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‘The Learning Organiser’ by Mike Tilling


The Learning Organiser.
By Mike Tilling.
Gower, 1999. A4 ringbinder, 339 pages, £150.
ISBN 0 566 08156 3

This publication is the first in what is promised to be a series entitled ‘Organiser’. It was for me an exciting and potentially very valuable change from the traditional run of collections of activities or session guides. It developed from a TEC-sponsored programme in which it was apparent that trainees in some organizations were learning for effectively than in others. The publication sets out to provide standardised planning tools and information, and highlight the good features of training provider organizations. The pack is aimed at both the training provider/facilitator and the individual learner.

The contents are divided into 20 units ranging from such topics as getting started, about learning, what to expect from a learning provider; through learning resources, portfolio development, and note-taking; to reading and writing, preparing for tests and examinations and evaluating training. Each unit has a consistent format of Unit Concept – what the unit is all about, Unit Context – a detailed description of the material that can be used in this topic and Using the Materials – guidance to the provider when working with a group or an individual. A number of ‘Trainee Pages’ follow this introductory guidance, the pages including questionnaires, checklists, activities, case studies, etc. As a result the material can be built into a learning skills training programme, a support for key skills implementation, part of an induction programme, or as a coaching aid.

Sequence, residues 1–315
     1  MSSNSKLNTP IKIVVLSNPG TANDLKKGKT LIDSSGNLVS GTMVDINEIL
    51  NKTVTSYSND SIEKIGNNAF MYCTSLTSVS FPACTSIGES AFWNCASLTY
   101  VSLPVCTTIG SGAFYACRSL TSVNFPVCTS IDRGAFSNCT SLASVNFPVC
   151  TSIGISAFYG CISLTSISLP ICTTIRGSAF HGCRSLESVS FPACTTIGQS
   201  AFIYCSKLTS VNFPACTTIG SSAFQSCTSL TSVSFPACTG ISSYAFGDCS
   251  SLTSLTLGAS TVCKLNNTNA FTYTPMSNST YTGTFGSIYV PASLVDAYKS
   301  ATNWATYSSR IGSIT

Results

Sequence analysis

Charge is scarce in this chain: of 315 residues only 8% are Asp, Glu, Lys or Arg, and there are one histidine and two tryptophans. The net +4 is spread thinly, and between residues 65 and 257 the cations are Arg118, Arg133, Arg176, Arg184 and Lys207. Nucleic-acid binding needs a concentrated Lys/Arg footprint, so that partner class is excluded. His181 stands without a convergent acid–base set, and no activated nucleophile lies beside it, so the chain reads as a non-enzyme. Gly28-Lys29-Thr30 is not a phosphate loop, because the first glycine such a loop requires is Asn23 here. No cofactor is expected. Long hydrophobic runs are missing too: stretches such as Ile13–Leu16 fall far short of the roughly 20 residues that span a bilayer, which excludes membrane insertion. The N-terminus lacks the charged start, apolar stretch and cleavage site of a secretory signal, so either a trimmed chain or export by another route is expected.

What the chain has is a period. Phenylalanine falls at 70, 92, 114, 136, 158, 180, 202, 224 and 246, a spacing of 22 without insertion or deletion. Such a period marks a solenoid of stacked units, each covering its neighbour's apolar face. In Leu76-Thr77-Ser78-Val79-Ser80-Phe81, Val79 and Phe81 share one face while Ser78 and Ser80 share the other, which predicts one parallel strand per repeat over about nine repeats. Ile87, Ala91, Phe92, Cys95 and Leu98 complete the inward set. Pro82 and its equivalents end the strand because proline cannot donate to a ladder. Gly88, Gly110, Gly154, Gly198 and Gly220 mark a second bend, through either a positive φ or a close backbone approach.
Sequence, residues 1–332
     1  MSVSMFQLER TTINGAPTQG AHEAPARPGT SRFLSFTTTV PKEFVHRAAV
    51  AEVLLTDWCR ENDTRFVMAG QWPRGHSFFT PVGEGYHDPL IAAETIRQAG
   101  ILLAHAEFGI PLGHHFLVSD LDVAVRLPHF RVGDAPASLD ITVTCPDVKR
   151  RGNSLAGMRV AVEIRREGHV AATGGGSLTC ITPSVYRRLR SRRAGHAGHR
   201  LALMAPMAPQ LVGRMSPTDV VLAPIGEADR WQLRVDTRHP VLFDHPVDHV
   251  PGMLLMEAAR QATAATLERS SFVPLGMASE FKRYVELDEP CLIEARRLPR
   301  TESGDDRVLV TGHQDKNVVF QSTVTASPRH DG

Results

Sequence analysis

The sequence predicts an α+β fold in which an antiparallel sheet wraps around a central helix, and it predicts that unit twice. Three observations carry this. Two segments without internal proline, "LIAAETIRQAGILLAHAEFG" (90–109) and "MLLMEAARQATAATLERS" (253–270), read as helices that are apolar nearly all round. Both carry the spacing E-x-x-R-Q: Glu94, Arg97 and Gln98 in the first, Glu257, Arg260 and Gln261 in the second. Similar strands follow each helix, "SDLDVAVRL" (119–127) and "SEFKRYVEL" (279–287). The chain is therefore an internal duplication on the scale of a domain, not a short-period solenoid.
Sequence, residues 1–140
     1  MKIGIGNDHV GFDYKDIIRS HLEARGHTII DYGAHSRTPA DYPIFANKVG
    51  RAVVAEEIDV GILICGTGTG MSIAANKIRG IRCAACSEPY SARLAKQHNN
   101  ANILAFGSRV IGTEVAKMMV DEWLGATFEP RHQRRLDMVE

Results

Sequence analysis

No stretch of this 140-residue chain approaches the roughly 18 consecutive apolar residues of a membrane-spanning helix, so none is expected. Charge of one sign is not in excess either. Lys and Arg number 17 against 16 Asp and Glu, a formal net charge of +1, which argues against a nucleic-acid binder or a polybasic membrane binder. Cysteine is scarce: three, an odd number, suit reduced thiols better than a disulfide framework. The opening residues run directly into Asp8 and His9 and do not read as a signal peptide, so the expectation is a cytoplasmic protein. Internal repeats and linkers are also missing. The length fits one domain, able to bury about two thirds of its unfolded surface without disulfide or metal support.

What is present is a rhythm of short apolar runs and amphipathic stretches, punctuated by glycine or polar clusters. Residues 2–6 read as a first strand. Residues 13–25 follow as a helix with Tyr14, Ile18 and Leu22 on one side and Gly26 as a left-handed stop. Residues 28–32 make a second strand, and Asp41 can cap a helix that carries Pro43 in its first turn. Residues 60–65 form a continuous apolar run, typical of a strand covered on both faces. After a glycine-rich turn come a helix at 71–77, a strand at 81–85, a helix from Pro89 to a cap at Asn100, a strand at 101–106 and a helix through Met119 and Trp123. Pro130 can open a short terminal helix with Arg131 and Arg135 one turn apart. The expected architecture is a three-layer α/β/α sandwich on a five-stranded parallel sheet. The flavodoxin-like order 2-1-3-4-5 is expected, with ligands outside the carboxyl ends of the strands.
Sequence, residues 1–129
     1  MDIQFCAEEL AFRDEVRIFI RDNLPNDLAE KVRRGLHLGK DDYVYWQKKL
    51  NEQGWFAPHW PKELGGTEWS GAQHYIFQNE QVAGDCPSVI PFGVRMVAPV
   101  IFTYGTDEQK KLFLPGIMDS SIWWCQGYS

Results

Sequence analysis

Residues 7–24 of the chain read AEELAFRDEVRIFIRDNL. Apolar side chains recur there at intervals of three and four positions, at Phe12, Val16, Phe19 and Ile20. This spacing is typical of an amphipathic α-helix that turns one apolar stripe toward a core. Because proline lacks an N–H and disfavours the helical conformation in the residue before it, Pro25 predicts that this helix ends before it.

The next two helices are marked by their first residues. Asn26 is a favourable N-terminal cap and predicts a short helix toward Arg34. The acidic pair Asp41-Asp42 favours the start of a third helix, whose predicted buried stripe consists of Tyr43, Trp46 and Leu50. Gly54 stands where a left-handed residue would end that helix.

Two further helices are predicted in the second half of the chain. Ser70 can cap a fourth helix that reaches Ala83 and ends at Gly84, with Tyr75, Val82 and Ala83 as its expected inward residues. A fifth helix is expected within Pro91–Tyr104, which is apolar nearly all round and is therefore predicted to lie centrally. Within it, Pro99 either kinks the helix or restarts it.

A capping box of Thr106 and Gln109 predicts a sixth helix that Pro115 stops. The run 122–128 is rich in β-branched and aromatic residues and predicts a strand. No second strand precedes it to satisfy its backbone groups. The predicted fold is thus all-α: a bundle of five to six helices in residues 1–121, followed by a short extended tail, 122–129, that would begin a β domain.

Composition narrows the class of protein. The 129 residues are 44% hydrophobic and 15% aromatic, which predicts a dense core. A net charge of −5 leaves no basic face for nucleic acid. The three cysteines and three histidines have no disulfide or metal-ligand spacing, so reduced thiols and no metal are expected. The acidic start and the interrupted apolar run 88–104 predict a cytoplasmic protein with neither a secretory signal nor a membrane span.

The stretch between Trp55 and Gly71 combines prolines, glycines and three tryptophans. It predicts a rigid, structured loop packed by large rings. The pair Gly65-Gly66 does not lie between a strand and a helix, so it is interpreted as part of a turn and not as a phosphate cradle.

An example of the units is Unit 2 – Focusing on the future. The Unit Concept is concerned with creating a vision and describes the unit as an exploration of how trainers can help trainees formulate this vision. The Unit Context considers the ways in which the unit will offer methods of developing a vision; barriers to forming a vision; supporting change in developing a vision; a trainer activity in the change/envisioning cycle; and a trainer activity involving Johari. The Trainee Pages in this Unit contain seven activities: self-assessment of things the learner really likes doing and those they dislike – these are used in assessing future action by removing/developing some of the items; envisioning the future checklist; a personal vision; representing their vision as a picture; making the vision real by considering successful people and how their actions would influence the learner’s behaviour; assessing aims and objectives by critically reviewing aims and objectives to which the learner has access; my aims and objectives – a final assessment and summary of the learner’s aims and objectives for the future.

The pack contains a wealth of activity for trainers themselves, for trainers involved in producing and running training programmes, and for a wide range of individuals engaged in self-development. The author is to be congratulated on producing such an interesting, exciting and valuable resource which bodes well for future similar collections. Well recommended.

Leslie Rae
September 1999


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